Returning to The Happiest Place

A rainbow emerges in the hills of Lhuentse, Bhutan on one of the final days of our return trip.

A rainbow emerges in the hills of Lhuentse, Bhutan on one of the final days of our return trip.

When I returned from Bhutan after our cross-country journey, I felt unresolved.  I joined Expedition Bhutan because I had this sense that Bhutan had something to teach me - and the rest of the world - about how to find authentic happiness.  Yet, throughout the journey East I often felt trapped in our western, goal-oriented paradigm for engaging the country. 

We made our nearly 500-mile journey to cross the country on an incredibly tight timeframe, which meant that we were in transit for 8-10 hours almost every day -- after which the film team would dive into hours of production.  For most of the trip I was stuck in my head worrying about gear, production schedules, and interview questions.  

Part of this stress came from the feeling that we weren’t connecting with Bhutan in a way that would yield the most powerful insights and stories.  I wanted the time and space to go deep.

After returning from Bhutan and completing a first rough cut, it became clear that I needed to rethink my approach to the film.  Telling the story of Expedition Bhutan and the Bhutanese that the team encountered along the way was a strong linear thread for the film, but the narrative needed more context and coherence to draw out Bhutan's most important lessons.

So, in March of this year, we took a risk.  We started to include my voice in the film in voiceover.  The voiceover works a lot like it does in a Werner Herzog film, gently guiding the viewer and providing space for reflection.  Evoking our curiosity.  The approach also give us more flexibility to move beyond the team's journey, using it as a launchpad to dive deeper in our exploration of how we can experience more meaning and happiness in our lives.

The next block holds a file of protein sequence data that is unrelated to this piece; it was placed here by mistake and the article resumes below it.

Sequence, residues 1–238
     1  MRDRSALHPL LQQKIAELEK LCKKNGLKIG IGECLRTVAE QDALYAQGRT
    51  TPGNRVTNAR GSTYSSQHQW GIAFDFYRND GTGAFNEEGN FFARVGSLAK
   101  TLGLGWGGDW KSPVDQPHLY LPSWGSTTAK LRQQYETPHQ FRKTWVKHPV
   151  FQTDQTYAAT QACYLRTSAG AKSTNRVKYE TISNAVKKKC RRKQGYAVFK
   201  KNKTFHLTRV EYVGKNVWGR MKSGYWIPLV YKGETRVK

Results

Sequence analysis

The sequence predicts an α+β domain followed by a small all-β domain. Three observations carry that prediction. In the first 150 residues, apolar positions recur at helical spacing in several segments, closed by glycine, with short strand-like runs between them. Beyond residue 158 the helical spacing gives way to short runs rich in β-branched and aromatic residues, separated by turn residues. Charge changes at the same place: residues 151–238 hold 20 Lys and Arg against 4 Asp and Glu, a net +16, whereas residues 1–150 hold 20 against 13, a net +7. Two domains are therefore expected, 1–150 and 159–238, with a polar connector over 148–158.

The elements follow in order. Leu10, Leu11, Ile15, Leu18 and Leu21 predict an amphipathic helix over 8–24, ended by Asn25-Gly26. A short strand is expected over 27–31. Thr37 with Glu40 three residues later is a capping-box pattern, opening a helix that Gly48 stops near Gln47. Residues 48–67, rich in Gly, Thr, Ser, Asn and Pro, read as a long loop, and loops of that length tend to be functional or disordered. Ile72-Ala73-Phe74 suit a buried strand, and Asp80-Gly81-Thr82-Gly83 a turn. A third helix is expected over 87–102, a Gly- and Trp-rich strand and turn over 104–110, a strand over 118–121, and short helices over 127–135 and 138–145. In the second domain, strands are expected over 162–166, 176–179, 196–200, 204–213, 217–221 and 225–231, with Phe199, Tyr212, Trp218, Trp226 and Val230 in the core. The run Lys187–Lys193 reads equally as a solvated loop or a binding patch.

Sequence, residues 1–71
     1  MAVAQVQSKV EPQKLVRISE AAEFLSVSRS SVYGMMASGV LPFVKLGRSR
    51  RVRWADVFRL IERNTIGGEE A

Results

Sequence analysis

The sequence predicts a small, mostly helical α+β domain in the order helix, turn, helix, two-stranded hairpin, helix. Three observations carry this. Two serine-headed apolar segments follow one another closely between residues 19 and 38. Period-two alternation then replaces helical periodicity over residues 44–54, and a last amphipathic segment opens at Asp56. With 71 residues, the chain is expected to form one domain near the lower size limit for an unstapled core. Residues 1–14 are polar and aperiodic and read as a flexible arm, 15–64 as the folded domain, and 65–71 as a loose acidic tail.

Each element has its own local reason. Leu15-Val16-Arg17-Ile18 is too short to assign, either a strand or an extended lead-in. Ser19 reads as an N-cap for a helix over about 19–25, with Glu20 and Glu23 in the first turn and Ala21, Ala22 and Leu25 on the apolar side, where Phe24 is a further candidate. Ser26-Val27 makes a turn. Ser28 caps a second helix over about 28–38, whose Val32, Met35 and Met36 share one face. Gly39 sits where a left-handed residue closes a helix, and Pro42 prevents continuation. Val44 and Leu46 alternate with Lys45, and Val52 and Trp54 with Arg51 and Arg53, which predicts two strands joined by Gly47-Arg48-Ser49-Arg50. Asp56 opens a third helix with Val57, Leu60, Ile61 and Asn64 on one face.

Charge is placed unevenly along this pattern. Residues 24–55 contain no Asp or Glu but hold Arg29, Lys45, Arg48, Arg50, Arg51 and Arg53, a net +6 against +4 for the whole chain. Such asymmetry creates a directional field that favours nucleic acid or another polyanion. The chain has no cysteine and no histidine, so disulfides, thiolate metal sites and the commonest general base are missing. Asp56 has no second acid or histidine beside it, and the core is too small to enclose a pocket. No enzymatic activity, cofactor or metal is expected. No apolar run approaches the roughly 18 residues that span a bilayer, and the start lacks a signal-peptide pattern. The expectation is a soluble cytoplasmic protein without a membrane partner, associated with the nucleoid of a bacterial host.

What has emerged even more clearly is the tension that is at the heart so many of the challenges we face in the West: the tension between head and heart, between striving and connection, between individuality and the collective.  The tensions that are at the core of our quest to experience more happiness and well-being.

A still from an interview with His Holiness Khenpo Karpo Rinpoche, the heart of the Guru Rinpoche project in Eastern Bhutan, and one of the inspirations for Ben's return trip.

A still from an interview with His Holiness Khenpo Karpo Rinpoche, the heart of the Guru Rinpoche project in Eastern Bhutan, and one of the inspirations for Ben's return trip.

I knew after my first trip to Bhutan that the trip wouldn’t be my last.  In June of this year I decided to return to Bhutan. There was material that we knew we wanted to shoot and include in the film, but this time, the pressure would be off.  My primary goal was to slow down and to create space for connection.  I had been encouraged by a Kickstarter supporter to take another journey East - this time to meet with one of the most revered monks in Eastern Bhutan, His Holiness Khenpo Karpo, who, for the last 12 years, has been guiding the construction of a 175-foot tall statue of Guru Rinpoche in Takela, Bhutan.

I had hoped that Khenpo might have answers to some of the questions that had gone unresolved during my first trip. What we captured during those 4 weeks in country was magic - beyond my wildest dreams.

A still from a timelapse of the 175-foot tall statue of Guru Rinpoche at night.

A still from a timelapse of the 175-foot tall statue of Guru Rinpoche at night.

I’ll be sharing more about the journey in the weeks to come, but for now please enjoy this Flickr album with select images from our return.

For the first time in this two year journey, I feel like I finally “get it” - what is behind Bhutan’s magic, and why her lesson is such an important and timely one for the world.  

Now we just have to fit it in a 90-minute film.